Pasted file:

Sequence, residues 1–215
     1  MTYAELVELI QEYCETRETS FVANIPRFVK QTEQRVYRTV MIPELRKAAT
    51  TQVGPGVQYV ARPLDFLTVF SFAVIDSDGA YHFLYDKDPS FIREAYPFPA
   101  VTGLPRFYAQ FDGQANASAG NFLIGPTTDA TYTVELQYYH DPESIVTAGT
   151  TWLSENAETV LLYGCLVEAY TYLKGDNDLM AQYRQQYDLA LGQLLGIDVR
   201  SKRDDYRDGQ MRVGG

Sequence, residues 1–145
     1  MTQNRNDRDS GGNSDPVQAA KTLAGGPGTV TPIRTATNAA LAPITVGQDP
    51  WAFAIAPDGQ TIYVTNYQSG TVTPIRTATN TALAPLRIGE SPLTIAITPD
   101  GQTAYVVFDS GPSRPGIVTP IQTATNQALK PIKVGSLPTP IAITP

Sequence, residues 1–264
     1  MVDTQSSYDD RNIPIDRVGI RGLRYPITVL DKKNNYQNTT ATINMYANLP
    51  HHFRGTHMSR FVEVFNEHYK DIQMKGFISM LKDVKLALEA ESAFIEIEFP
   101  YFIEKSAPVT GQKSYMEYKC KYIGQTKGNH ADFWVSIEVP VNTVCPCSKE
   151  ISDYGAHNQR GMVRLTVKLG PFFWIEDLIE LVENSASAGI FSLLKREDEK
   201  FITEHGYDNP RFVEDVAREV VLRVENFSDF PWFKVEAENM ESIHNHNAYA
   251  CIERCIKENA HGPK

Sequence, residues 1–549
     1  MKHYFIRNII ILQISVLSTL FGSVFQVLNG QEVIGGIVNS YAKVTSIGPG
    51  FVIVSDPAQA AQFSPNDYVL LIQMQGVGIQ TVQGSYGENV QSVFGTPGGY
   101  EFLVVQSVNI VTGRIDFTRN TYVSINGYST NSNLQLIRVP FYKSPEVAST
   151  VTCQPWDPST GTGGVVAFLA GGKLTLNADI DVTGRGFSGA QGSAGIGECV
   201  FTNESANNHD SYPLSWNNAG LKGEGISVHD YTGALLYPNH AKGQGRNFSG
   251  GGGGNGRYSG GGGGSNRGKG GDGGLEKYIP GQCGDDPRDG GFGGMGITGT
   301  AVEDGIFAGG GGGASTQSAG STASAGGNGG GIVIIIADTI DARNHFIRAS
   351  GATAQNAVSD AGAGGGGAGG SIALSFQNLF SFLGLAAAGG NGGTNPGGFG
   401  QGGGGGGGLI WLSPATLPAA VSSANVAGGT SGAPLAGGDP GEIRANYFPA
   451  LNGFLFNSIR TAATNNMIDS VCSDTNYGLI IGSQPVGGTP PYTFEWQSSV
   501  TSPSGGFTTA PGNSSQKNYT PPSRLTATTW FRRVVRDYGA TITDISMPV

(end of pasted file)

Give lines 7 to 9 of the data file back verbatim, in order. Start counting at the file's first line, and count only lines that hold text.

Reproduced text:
Sequence, residues 1–145
     1  MTQNRNDRDS GGNSDPVQAA KTLAGGPGTV TPIRTATNAA LAPITVGQDP
    51  WAFAIAPDGQ TIYVTNYQSG TVTPIRTATN TALAPLRIGE SPLTIAITPD